Look Who Made the List

   He was my favorite player on my most hated team.  “Charlie Hustle,” the papers called him. Pete Rose was the heart and soul of the Big Red Machine, the Cincinnati Reds. He personified baseball. His uniform was only clean during the National Anthem. He ran to first base, even if he was walked. He would bowl over the catcher blocking the plate in an inconsequential All Star game. He would mash a second baseman breaking up an attempted double play. He never trotted out routine grounders, but blitzed first base in the event the fielder bobbled the ball.

   Charlie Hustle was a clutch pressure player. He put pressure on pitchers—he was one of baseball’s greatest hitters. He put pressure on catchers—even with average speed, he would steal if given half a chance. He put pressure on the corners, the first and third baseman—he was one of the games best bunters. He put pressure on himself and he delivered. His slap hitting got him on base at clutch times in the games—Pete Rose was an extremely hard out during crunch time. He would sacrifice to advance a runner to second or third in the late innings of the game. An excellent contact hitter, he was perfect for hit and run situations. He was a superb fielder, making the All Star team at several infield and outfield positions.

   Peter Rose didn’t leave anything to chance. He carefully studied opposing pitchers and hitters. He was a baseball stat junkie. He studied tendencies and probabilities. He studied where hitters hit the ball. He knew if batters bunted. He knew all the pitchers pick off moves. He always knew when a catcher was hurt and could be beat on the base paths. Charlie Hustle knew the game. He studied, he worked hard, he played above his ability, and he won!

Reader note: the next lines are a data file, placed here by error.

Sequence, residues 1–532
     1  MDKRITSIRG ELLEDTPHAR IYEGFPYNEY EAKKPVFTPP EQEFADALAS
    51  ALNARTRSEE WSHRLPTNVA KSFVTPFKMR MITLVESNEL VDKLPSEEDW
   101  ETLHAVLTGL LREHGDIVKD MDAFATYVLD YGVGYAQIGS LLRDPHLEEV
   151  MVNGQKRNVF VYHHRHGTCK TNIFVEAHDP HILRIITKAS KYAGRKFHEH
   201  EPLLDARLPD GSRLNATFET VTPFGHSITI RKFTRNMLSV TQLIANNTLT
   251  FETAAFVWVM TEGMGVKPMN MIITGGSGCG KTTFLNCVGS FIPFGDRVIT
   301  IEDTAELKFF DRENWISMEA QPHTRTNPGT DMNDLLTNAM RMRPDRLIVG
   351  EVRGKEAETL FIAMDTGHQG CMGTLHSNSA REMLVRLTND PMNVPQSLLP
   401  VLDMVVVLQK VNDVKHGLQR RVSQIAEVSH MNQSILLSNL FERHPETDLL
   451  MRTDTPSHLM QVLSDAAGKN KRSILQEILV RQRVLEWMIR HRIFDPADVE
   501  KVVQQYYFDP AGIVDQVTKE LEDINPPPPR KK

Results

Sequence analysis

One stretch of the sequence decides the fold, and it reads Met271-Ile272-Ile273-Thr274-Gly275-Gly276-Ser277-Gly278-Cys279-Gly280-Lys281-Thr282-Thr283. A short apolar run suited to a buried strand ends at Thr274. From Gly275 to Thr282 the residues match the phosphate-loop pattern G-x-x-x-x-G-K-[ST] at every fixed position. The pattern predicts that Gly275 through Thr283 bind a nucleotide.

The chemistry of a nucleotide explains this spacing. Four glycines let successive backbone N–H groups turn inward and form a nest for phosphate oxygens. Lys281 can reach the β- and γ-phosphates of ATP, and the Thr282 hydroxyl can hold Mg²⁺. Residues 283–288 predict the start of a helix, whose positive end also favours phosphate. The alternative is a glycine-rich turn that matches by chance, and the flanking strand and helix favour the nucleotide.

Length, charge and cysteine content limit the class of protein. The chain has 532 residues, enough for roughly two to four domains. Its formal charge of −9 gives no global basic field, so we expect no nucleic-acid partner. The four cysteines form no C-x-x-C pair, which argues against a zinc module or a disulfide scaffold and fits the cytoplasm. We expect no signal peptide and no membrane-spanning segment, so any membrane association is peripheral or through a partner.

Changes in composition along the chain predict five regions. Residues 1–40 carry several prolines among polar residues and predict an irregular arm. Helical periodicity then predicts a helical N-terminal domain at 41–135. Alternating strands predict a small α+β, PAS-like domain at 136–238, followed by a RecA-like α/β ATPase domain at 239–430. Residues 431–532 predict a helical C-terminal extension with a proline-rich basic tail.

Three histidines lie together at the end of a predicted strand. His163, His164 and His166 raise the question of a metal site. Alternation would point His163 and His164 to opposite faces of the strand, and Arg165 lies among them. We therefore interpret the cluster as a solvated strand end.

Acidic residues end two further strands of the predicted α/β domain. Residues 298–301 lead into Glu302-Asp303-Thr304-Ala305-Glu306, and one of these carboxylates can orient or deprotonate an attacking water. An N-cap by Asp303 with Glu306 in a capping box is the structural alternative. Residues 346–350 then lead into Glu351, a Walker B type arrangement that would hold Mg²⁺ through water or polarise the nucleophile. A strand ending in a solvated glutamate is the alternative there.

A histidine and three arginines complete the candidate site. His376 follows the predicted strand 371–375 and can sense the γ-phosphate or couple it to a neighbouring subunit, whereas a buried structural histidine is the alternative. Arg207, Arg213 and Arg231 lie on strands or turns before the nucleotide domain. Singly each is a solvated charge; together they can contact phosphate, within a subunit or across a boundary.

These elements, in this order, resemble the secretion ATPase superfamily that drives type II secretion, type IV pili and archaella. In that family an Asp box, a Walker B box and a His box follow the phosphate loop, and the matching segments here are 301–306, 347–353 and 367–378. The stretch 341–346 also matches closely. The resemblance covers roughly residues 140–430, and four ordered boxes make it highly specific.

As a league MVP and a star player, Pete helped lead the Reds to several world championships. Along with Tony Perez, Johnny Bench, and Joe Morgan, he was part of one of the most dangerous batting line ups ever to play the game. They were the Big Red Machine and he was their chief cog. For a time, Charlie Hustle was baseball.

   His was the dream scenario. He was a superstar on a team beloved by its fans. Pete was glorified as everything good in baseball by the media. He retired a conquering hero. Charlie Hustle ended his career with more hits than anyone who ever played the game. But Pete Rose didn’t leave the game or the Reds. Pete Rose, Charlie Hustle, Mr. Cincinnati Red, was hired to manager the team he loved. They named a street near the stadium in his honor. He was living his own dream. He was just passing time doing what he loved, waiting until the sports writers voted him into the Baseball Hall of Fame. The only other place Pete Rose cared about was Cooperstown—heaven’s reward to baseball’s best.

   Then the bubble burst and the dream began to crumble. His team played poorly as the starting line up was depleted with injuries. The Big Red Machine was a dilapidated wreck. To make matters worse, rumors flit about linking Pete to inappropriate contacts with   “undesirables” and   “reputed gamblers.” Family problems and criticism from his ex–wife and his children made headlines. Everything in Charlie Hustle’s life was comingapart at the seams.